Parliament’s draft of the new Police Bill grants substantive authority to its Standing Committee on National Security Services — more commonly known as its 241 Committee.
The bill entitled ‘Maldivian Police Service Bill’ was submitted by parliament representative for the Henveiru West constituency and Chairperson of the ruling Maldivian Democratic Party (MDP), Hassan Latheef.
All 71 parliamentarians that participated in Tuesday’s session voted to accept the bill.
As per the bill, the purpose of provisions granting increased powers to the 241 committee is to ensure that the committee can exercise its vested oversight authority over Maldives Police Service (MPS) as stipulated in the Maldives constitution.
In this regard, Article 14 of the bill sets out the scope and powers of the 241 Committee. Further, as per Article 73(c), decisions approved by the Committee are legally binding and mandatory for involved parties to comply with.
According to the bill, the 241 Committee shall have the authority to instruct the Minister of Home Affairs and the Commissioner of Police on changes to be brought to procedures pertaining to individuals held under police custody, as well as privileges afforded to police personnel.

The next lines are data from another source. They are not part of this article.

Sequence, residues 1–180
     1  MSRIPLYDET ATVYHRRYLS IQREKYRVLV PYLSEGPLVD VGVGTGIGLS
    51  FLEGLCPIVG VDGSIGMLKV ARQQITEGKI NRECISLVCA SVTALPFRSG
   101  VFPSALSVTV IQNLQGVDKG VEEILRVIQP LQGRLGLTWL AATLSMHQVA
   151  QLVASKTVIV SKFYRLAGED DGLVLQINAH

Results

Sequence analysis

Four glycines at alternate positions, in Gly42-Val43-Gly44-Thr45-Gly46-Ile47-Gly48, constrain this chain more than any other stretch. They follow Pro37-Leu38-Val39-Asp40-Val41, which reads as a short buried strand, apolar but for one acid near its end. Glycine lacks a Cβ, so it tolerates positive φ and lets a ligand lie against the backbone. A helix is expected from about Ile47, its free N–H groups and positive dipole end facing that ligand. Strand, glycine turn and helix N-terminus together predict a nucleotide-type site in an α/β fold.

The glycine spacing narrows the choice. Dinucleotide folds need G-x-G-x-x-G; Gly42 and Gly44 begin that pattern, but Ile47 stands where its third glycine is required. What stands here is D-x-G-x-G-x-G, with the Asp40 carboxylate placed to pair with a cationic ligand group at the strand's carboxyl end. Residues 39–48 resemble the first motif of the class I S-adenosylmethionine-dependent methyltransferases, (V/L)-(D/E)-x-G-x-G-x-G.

Further, the bill states that the 241 Committee shall have the authority to review complaints regarding the police force and to instruct the Home Minister and Police Commissioner on changes to be brought to police procedures if the committee finds fit.
During Tuesday’s debate, several MPs expressed dissatisfaction with the manner in which the MPS is currently operated.
Certain MDP parliamentarians criticized the conduct and educational qualifications of police personnel.
34% of the workforce at MPS hold academic qualifications above A’ levels. There are 220 officers and staff who hold postgraduate degrees. It is universally understood that a wide range of policing skills are best learned on the job. A higher academic qualification is secondary.
— Mohamed Hameed (@M_Hameedh) June 16, 2020
Commissioner of Police Mohamed Hameed responded to the criticisms via his personal Twitter account, stating that several policing skills were more efficiently learned through on the job experience and that academic qualification was not the first priority in their hiring decisions.
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